Format

Send to

Choose Destination
Hippocampus. 2014 Jun;24(6):656-65. doi: 10.1002/hipo.22255. Epub 2014 Feb 18.

Medial prefrontal theta phase coupling during spatial memory retrieval.

Author information

1
NIMH-UCL Joint Neuroscience Graduate Partnership Program, National Institute of Mental Health, Bethesda, Maryland; Section on Functional Imaging Methods, Laboratory of Brain and Cognition, National Institute of Mental Health, Bethesda, Maryland; University College London, Institute of Cognitive Neuroscience, Alexandra House, London, WC1N 3AR, United Kingdom; University College London, Institute of Neurology, London, WC1N 1PJ, United Kingdom.

Abstract

Memory retrieval is believed to involve a disparate network of areas, including medial prefrontal and medial temporal cortices, but the mechanisms underlying their coordination remain elusive. One suggestion is that oscillatory coherence mediates inter-regional communication, implicating theta phase and theta-gamma phase-amplitude coupling in mnemonic function across species. To examine this hypothesis, we used non-invasive whole-head magnetoencephalography (MEG) as participants retrieved the location of objects encountered within a virtual environment. We demonstrate that, when participants are cued with the image of an object whose location they must subsequently navigate to, there is a significant increase in 4-8 Hz theta power in medial prefrontal cortex (mPFC), and the phase of this oscillation is coupled both with ongoing theta phase in the medial temporal lobe (MTL) and perceptually induced 65-85 Hz gamma amplitude in medial parietal cortex. These results suggest that theta phase coupling between mPFC and MTL and theta-gamma phase-amplitude coupling between mPFC and neocortical regions may play a role in human spatial memory retrieval.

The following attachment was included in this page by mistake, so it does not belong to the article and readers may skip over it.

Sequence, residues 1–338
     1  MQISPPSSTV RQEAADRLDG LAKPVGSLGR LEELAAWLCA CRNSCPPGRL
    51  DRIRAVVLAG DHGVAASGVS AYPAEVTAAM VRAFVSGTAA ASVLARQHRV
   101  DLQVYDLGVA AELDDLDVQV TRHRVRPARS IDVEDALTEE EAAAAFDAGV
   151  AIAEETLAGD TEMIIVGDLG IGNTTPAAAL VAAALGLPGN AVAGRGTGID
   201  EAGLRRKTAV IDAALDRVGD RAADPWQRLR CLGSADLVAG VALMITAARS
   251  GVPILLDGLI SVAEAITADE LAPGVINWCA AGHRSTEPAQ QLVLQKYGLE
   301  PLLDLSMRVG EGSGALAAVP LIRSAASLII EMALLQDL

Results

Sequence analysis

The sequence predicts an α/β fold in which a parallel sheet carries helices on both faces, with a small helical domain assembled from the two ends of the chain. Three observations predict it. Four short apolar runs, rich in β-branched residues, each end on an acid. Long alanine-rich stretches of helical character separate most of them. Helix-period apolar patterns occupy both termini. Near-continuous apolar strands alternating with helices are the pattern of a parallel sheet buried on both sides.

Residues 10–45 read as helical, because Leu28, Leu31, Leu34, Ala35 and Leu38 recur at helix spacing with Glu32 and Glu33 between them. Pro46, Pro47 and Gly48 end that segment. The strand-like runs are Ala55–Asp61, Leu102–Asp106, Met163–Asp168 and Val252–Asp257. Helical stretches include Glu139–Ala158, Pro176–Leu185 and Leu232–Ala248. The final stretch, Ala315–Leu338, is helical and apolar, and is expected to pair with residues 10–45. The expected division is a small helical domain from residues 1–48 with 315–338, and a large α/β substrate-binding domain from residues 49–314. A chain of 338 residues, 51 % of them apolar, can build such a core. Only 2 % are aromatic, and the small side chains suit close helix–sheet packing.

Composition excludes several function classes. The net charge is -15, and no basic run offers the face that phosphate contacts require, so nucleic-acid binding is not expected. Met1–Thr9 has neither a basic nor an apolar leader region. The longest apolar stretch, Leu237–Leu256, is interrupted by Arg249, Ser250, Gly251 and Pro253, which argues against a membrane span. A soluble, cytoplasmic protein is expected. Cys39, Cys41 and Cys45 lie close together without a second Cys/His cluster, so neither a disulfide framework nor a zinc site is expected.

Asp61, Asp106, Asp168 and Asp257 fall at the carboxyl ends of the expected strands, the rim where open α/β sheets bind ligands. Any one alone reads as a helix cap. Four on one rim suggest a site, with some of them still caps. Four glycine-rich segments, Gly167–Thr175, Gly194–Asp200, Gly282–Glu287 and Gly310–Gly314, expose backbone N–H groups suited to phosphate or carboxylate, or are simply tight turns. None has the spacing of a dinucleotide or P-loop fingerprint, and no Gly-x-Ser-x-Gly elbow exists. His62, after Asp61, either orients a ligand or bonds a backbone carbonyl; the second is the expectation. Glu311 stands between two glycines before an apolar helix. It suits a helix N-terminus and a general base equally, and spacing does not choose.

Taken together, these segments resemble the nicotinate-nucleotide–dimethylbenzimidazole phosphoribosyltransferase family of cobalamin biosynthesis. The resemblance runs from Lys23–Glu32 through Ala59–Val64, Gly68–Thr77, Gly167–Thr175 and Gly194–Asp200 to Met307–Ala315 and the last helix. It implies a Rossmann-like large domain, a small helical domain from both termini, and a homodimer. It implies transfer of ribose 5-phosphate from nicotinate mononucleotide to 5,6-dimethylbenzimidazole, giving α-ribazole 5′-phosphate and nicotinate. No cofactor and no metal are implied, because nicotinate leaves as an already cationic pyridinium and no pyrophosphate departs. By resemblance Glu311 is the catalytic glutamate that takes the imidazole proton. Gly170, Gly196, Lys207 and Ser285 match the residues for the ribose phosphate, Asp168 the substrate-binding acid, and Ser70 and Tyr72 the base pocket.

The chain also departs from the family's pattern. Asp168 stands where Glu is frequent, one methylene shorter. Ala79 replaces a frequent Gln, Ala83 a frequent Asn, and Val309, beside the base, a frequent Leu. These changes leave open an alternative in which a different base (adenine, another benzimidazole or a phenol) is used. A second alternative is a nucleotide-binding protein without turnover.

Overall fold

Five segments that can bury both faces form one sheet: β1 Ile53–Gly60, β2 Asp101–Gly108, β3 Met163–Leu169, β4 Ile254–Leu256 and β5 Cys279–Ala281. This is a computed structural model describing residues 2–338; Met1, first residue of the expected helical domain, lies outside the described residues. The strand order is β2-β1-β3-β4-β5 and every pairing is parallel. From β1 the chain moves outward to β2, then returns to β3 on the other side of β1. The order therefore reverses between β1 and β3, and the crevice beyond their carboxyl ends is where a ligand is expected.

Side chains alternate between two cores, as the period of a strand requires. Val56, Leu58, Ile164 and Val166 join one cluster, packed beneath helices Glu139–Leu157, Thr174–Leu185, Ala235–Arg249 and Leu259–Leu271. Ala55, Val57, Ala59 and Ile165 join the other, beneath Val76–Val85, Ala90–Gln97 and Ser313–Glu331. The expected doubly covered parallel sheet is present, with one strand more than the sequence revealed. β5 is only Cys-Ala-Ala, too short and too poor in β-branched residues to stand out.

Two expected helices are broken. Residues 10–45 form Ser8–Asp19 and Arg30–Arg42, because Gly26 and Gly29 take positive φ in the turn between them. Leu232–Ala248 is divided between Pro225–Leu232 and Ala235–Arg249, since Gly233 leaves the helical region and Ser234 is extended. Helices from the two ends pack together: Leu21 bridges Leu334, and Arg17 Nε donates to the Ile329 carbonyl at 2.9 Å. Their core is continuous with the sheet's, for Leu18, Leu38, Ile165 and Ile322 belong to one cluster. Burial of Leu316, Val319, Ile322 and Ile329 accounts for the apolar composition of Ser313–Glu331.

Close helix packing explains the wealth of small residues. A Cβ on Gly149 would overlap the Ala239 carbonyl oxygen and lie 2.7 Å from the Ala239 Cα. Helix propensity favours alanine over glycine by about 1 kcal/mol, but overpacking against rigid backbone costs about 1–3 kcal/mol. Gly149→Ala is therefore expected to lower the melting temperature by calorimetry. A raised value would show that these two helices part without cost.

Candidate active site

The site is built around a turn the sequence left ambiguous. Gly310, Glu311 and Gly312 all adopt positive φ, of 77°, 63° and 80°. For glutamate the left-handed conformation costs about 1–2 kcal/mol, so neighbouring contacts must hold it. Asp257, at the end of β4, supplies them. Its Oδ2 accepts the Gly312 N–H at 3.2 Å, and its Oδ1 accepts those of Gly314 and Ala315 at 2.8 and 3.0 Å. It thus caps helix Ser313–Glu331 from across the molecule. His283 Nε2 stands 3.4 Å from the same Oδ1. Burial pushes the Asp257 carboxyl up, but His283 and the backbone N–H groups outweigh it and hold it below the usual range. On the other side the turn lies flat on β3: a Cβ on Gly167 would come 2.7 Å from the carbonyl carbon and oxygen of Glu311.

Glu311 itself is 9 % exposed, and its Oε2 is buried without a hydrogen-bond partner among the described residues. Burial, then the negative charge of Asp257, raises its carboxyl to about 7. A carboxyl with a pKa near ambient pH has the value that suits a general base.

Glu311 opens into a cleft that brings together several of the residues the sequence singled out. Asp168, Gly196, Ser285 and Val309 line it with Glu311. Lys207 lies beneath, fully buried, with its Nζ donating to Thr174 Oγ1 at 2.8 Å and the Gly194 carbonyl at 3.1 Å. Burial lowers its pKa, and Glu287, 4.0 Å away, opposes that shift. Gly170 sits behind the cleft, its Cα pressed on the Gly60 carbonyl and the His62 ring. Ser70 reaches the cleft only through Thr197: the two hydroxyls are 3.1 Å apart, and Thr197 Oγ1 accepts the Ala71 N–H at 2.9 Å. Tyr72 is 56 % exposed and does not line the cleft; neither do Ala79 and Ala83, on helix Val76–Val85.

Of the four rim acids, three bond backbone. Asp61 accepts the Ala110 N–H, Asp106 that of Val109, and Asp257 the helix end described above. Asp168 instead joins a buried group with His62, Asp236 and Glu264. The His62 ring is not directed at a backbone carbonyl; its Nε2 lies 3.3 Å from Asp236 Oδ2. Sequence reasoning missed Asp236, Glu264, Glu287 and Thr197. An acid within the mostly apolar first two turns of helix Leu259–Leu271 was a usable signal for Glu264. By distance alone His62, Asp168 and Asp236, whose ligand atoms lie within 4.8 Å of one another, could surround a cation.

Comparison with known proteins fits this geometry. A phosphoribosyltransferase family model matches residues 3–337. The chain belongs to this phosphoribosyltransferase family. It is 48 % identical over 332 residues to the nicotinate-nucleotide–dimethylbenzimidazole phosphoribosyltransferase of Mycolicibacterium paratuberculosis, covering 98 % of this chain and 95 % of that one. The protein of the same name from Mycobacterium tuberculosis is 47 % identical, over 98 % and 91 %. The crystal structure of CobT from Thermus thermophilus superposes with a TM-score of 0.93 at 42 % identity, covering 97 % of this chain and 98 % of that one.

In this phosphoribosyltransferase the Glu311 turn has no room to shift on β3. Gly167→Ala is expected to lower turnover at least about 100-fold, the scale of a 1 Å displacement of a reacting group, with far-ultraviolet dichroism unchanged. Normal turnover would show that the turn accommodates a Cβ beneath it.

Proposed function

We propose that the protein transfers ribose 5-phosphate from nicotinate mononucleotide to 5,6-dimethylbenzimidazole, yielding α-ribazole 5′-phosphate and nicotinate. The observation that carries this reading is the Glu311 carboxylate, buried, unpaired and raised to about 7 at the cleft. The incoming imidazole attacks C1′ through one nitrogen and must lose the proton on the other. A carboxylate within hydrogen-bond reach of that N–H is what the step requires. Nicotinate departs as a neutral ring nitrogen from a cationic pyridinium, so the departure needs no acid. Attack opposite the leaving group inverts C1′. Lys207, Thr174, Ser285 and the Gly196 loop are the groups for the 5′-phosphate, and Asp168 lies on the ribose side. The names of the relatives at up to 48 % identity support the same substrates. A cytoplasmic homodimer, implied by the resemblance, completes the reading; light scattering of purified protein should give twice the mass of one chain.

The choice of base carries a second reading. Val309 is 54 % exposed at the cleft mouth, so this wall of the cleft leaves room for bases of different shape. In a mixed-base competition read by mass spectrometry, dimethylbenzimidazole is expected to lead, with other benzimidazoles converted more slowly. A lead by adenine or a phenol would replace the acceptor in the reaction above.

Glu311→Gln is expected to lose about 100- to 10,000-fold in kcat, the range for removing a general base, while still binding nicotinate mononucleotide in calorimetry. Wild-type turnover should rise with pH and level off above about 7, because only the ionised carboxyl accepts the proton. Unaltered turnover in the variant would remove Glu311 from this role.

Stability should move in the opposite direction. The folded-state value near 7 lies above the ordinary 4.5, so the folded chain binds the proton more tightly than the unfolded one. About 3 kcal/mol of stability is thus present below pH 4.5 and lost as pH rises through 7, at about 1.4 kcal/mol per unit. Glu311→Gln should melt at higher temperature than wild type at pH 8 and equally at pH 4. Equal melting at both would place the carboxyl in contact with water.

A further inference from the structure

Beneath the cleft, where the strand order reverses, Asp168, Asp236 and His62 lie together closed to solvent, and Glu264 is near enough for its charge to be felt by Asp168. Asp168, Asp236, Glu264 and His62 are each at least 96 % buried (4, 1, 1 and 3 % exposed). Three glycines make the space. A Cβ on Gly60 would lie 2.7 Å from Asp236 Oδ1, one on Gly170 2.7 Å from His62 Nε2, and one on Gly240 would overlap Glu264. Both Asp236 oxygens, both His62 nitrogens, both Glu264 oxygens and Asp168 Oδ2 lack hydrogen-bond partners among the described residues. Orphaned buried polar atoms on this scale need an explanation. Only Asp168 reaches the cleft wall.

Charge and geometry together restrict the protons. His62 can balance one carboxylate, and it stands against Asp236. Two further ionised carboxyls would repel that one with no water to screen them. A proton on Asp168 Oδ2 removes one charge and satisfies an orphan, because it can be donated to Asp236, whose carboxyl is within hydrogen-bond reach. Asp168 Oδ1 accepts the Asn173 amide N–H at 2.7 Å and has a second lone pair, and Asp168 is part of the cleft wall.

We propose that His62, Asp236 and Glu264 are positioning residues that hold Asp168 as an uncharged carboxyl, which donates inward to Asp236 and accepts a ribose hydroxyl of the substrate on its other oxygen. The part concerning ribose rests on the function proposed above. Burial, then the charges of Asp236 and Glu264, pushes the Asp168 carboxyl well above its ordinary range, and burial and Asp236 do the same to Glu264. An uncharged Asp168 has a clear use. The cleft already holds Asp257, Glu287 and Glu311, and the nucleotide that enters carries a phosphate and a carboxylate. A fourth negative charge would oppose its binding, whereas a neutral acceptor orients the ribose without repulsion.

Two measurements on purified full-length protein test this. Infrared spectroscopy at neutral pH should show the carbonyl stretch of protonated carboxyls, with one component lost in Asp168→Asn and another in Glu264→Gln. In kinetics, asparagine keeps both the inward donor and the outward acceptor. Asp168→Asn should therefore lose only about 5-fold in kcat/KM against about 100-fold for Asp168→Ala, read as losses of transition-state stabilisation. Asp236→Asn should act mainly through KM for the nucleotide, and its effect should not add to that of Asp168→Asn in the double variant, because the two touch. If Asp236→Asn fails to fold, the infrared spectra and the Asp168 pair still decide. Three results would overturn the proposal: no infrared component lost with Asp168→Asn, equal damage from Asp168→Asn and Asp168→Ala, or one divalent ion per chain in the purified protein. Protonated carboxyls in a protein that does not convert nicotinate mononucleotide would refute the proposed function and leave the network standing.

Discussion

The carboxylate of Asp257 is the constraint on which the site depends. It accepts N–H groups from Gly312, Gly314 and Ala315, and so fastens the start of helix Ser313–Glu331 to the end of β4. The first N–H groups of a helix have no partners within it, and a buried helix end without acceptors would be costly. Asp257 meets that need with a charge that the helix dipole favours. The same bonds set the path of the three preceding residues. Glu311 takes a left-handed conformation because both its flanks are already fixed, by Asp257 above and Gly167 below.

KEYWORDS:

MEG; MTL; hippocampus; mPFC; oscillations

PMID:
24497013
PMCID:
PMC4028411
DOI:
10.1002/hipo.22255
[Indexed for MEDLINE]
Free PMC Article

Supplemental Content

Full text links

Icon for Wiley Icon for PubMed Central
Loading ...
Support Center